splash page advice and SEO expert

Evils of the Splash Page
by Leslie Lee of Laughing Cat Arts

As a designer, I often run into clients requesting a splash page for their web site. I’ve yet to find one client who has a good reason for doing so. Maybe they saw a competitors’ splash page, and now they want their own. Maybe they realized their new Flash site has no searchable content and want to try to work around this flaw. Whatever the reason, the fact remains: splash pages are at best useless and at the worst severely undermine your Web site's ranking, hurting your business.

Basically, a splash page is an introductory page for a web site. It may be a Flash animation, it may offer the user the choice between a Flash and HTML version of the site, or it may be just a static graphic with an "enter site" link. In any case, a splash page holds no written content. So, if you’re expecting your web site to come up in a search engine, think again.

Splash pages are often vanity pieces that only profit the site designer at the expense of the site ranking and user experience. Designers may use splash pages to show off Flash animations. They often think of them as ways to show off their design skills.

While the Flash movie or animation may look neat (and stroke your ego as a business owner), it’s more often that not, a turn-off to customers. Research shows that one-quarter of all visitors leave a site after seeing a splash page, never to return. Customers don't want to muddle through several clicks to get to your core message, much less wait for a commercial, thinly veiled as an entertaining animation. The best site not only looks great, but also streamlines the user experience.

Maybe you’ve been told the Flash site you current use is unsearchable by the search engines and a splash page can help.

Splash pages don’t help; in fact, they actually hinder. The most important content on your site is the first page. That’s what the search engines sees. If an image (.jpg or .gif) or Flash movie (.swf) comes up first, the search engine thinks the page is empty and skips over it. Even if you try correcting this by adding comments to the page, you risk being penalized for spamdexing (or cloaking text to get more keyword hits), which lowers your ranking even more. You may have a great site, but if it’s out of search engine sight, it’s out of mind.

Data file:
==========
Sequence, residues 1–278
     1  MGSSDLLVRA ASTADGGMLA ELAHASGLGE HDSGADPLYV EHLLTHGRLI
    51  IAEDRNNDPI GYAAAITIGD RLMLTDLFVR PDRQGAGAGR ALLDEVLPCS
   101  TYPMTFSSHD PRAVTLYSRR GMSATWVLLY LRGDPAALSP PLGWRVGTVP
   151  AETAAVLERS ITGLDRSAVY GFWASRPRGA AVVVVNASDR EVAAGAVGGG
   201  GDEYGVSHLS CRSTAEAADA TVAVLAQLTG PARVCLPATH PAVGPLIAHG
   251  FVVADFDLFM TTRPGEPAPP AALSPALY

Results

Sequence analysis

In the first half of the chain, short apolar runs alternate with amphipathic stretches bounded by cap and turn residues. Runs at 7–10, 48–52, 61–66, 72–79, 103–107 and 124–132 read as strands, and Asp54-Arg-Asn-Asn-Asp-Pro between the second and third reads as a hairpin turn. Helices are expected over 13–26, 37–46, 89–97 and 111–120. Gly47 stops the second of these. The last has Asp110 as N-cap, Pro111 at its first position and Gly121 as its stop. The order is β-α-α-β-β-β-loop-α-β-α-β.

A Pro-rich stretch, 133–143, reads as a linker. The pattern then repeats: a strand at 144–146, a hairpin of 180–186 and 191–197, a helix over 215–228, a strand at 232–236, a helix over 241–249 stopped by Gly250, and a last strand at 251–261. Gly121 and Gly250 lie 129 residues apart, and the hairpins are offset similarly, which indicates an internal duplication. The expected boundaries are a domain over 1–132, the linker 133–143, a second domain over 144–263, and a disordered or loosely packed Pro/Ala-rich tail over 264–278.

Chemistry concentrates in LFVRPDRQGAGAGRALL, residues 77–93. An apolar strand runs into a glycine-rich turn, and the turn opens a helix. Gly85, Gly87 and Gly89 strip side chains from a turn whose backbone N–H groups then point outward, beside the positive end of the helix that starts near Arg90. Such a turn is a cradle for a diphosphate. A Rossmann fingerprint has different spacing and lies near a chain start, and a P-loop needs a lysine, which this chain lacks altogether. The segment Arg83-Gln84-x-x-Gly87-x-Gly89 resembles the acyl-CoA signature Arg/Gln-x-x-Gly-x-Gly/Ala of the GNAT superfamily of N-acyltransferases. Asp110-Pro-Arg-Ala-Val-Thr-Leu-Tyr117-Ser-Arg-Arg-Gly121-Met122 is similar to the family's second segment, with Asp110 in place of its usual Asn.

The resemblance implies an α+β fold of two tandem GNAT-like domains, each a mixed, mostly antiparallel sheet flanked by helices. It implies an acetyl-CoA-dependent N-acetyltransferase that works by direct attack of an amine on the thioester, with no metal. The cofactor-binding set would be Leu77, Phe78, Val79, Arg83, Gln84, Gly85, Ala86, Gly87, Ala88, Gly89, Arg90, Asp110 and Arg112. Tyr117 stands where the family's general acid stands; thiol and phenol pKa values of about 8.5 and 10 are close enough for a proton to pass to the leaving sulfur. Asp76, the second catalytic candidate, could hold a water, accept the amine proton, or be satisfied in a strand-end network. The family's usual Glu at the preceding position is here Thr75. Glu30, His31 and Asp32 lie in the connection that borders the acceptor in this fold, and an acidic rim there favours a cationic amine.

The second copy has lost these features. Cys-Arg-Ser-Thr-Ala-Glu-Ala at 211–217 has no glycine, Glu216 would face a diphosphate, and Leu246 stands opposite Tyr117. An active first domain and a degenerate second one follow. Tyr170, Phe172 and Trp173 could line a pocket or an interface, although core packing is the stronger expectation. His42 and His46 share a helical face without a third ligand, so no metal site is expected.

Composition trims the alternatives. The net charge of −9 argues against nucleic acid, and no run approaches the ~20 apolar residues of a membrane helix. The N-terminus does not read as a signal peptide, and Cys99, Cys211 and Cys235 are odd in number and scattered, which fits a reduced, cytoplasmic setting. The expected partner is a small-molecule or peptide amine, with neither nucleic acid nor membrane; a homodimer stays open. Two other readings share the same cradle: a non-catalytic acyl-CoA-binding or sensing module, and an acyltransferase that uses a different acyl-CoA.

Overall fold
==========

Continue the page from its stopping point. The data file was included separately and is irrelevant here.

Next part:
And yes, the “cool” kids do it. Big corporations use splash pages. They can afford to do so because they purchase ranking on search engines. So unless you have a multimillion-dollar advertising budget, you can't afford to make this mistake.

By the way, if you are reading this article while still in the design process of your site, this is the time to back out of an all-Flash site. DO include Flash components; they can be placed in any site, just like an image. But DO NOT have a site built entirely in Flash if you are concerned about search engine ranking.* Again, that empty page is a negative in the eyes of the search engine so your mirror site may not even be seen.

As an aside, javascript can actually create all kinds of neat effects that look like Flash animation. If you get a good designer who is also knowledgeable in javascript, they can create the kind of effects you see here without using any Flash what-so-ever. (Kudos to Gucci's designer and coder on their mad skills. And yes, this site starts with a splash page, but they are that multimillion dollar corporation who can afford it.)

As a rule, don't force the user to jump through unnecessary hoops. If you must, splash pages should have a logo on them with an "enter here" link. Always remember that the visitor is viewing your site for product information. You may have a great logo, but the user doesn't care to deal with unnecessary clicks, they are your customer and are at your site to see what you do, how to contact you, what you have to offer. In other words, the visitor wants to get to the meat of your site right away.

In sum, visitors aren’t on your site to be "wowed" by the same animation over and over. If they think their time is being wasted waiting on load bars or unnecessary clicks, they’ll click somewhere else. Unless you’re one of newest competitors in the personal networking scene, remember, treat the visitor like a customer.

Your customer wants to know what you are selling, your store hours, your contact information and address, what services your company provides. When they find you, they want your most useful information right away. Give it to them, and give it to them quickly. They will come back for more.

* While Leslie is really darn bitter towards splash pages, she is not in the least bit a Flash hater. In fact, Leslie thinks Flash is really neat and hopes to build a Flash art gallery for her personal projects. What she suggests is, know what is vanity and know what is business. Remember, a car is a really neat thing too, but in the hands of an unlicensed or inexperienced driver, it can be a bad thing.

Leslie can be found in Dallas doing web design and print design at Laughing Cat Arts.



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